There is no question Microsoft Teams is everywhere these days. Many IT teams use it to collaborate on projects or even day-to-day tasks. On the other hand engineers like to know what their automation solution is doing. Therefore, sending notifications is a very welcome addition to most automation workflows and Teams is the way to go nowadays as opposed to the venerable email. This is a skill we have used in many of our latest infrastructure automation videos in the IaC Avengers YouTube channel and a something that my customers have been wanted to learn. So here we go.
In this article I am going to cover:
- prepare your Teams channel to accept messages programmatically
- use the REST API to create those messages. I will demonstrate it with Postman
- send a message to Teams using Ansible
Prepare a Teams channel to receive Webhooks
The easiest to accomplish this by enabling webhooks for the channel. Webhooks allow one application to notify another of an event. As you will see in the examples later, webhooks are HTTP messages that use the POST method and include a payload that is formatted in a way that makes sense for the recipient application.
As you can see, I have created a new channel called “Alert Testing”. We can configure webhooks for this channel by easily going into the “Connectors” option
Once in the Connectors menu you need to find the “Incoming Webhook” option . In my menu it shows up by default at the top. If it doesn’t you can click on the “Developer Tools” category or you can type “webhook” in the search box at the top-left corner
Now the “Incoming Webhook” configuration page pops up and the only thing we need to do is to provide a name and click “Create”. As soon as you do that it provides you with a “very long” URL as you can see at the bottom on the following screenshot. This is the URL we need to send our HTTP messages to. Now simply copy the URL and keep it somewhere handy. Finally click “Done” and we are ready.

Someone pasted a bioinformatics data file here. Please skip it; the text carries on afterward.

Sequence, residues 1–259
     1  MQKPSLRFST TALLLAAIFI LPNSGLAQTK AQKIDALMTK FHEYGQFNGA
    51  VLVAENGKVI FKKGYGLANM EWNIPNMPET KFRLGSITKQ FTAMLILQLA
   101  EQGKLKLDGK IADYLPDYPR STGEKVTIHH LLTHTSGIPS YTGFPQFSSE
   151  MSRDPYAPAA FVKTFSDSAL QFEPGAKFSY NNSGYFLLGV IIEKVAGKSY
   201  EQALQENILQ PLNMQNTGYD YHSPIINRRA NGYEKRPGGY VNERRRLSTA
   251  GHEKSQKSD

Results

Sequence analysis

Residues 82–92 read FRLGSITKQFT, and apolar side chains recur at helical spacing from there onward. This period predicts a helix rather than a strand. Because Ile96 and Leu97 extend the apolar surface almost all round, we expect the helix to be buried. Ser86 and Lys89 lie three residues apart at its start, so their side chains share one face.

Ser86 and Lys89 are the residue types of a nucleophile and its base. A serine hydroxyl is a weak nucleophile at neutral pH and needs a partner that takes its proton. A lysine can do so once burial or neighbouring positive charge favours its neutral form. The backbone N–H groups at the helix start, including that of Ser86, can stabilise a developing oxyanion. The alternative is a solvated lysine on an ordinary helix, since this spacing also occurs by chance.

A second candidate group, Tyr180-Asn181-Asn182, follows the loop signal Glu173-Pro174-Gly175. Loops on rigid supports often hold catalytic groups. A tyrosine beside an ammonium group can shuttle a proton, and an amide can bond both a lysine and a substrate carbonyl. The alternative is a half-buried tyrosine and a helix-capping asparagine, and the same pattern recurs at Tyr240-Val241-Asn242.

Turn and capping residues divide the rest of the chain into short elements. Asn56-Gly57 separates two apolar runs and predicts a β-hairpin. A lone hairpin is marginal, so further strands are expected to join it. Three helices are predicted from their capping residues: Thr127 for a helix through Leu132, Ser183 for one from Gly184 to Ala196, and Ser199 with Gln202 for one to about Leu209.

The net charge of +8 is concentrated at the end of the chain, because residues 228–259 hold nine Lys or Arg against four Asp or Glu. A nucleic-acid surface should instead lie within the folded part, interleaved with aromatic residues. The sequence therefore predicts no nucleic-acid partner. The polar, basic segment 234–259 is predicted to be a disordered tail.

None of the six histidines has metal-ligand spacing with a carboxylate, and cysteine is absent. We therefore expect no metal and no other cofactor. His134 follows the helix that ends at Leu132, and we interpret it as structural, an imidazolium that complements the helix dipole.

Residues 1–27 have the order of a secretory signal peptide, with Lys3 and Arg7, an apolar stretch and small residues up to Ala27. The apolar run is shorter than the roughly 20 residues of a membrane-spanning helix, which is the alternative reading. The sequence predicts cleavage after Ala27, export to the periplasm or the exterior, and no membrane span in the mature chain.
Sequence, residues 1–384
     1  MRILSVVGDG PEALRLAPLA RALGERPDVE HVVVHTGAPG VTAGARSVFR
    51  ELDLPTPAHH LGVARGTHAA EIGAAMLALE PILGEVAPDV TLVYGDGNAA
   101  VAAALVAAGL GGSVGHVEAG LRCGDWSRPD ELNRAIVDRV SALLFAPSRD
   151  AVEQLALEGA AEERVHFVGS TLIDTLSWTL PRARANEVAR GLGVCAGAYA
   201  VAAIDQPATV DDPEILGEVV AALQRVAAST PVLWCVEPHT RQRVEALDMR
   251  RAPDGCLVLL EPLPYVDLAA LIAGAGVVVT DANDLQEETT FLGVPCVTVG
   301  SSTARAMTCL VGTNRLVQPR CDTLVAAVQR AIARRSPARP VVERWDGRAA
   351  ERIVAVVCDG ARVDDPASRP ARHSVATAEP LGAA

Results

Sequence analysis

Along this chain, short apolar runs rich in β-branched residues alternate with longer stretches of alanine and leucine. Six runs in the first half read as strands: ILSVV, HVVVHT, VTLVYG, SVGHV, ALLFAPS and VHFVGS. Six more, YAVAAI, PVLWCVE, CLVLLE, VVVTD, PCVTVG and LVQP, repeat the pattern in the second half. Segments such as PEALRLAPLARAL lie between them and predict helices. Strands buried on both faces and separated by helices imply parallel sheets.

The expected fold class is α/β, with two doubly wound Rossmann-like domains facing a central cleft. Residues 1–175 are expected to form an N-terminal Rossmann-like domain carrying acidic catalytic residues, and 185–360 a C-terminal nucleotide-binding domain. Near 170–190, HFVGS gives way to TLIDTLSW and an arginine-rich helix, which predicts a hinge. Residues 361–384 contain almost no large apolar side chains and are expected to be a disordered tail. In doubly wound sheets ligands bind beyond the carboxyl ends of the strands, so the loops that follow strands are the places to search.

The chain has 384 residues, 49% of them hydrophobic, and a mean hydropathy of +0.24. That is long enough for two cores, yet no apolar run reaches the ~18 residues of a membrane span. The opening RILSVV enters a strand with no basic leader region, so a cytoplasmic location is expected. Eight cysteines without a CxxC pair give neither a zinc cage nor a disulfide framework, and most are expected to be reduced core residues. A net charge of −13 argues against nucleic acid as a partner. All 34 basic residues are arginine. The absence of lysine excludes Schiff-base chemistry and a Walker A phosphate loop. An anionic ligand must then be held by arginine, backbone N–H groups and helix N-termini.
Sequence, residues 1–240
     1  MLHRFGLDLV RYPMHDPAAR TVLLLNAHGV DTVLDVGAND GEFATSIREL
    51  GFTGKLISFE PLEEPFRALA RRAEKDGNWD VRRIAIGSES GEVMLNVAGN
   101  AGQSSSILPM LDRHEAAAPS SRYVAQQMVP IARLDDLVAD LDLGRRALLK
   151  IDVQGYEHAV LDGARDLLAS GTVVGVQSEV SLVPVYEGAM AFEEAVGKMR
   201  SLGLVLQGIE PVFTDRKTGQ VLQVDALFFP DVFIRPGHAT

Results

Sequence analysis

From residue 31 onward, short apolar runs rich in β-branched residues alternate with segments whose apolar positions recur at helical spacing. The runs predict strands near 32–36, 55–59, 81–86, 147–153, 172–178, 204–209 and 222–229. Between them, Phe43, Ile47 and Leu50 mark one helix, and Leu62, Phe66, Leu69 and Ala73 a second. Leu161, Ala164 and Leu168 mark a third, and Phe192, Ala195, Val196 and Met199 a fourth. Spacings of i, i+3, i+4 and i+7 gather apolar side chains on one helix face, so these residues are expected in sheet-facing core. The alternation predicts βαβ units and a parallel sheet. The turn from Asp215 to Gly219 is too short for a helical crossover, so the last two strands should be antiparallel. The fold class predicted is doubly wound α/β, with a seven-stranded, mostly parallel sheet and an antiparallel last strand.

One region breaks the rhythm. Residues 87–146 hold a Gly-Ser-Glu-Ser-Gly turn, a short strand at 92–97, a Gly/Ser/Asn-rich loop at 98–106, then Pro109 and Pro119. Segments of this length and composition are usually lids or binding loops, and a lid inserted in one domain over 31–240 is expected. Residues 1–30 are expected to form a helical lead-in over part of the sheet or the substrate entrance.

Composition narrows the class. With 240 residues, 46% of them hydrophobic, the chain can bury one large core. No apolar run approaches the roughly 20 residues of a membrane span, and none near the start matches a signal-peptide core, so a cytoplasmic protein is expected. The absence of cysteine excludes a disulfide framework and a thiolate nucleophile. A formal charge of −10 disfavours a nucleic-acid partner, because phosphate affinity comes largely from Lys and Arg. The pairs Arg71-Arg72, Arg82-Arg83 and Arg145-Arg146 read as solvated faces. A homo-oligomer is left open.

If you missplace the URL, don’t worry you can always go back to “Connectors” and find it in the “Configured” category.
Send Teams messages using the REST API
I like to use Postman when I am discovering a new REST API. It helps me track of what I am discovering and it allows me to package what I have learnt as a “collection” in a format that is easy to share. And this time is no exception. I have created a Postman collection with the 2 examples we are using in this article as well as a sample Ansible playbook. They are available at this repository in GitHub.
What determines the format and content of the message card in Teams is the payload. You will see this in the “Body” tab. As you can see it is formatted as JSON. Cards in Teams can have a lot of features and the payload can get very complicated but as you can see the basic message only requires 2 fields.
Don’t forget to paste the webhook URL you got from the previous step so that the message to your channel. To run it simply click “Send”. You should get a “200 OK” status code and your first message will show up in the channel straight away.
Let’s do now a more sophisticated example. Let’s say that as part of an automation workflow we have created 2 virtual machines and we want to notify a channel in Teams and provide details of the VM’s that were just created. In the example below you can see the “title” includes the actual “id” of the provisioning job. This is something you could extract from the automation workflow and introduce it here for reference.
In this case the payload this includes a “sections” key which we hadn’t used before. The value of this key is a list, which allows you to define multiple sections in your card. In this case we added only one section and we are populating it with a 2 column table that includes two “facts”. You can have more than 2 facts in your section or you could research how to add other elements like buttons, links …
When we click “Send” we get our second message in the channel.
Send Teams messages using Ansible
Going back to the previous example you might be using Ansible to automate the creation of Virtual Machines and you want to let a team know the details of their details. As you do your provisioning tasks you can register the details of the resources you are creating and then use those to populate payload.
In Ansible we can use the “uri” module to interact with web services. This includes REST APIs. This module allows us to specify any method we need (“POST” in this case), headers, payload etc. The following screenshot shows an Ansible playbook that creates the same card as the previous example. Notice how the payload has been converted from JSON into its YAML equivalent. You have to pay careful attention indentations and hyphens. You can download the code from the GitHub repo.
Have fun creating your own messages!
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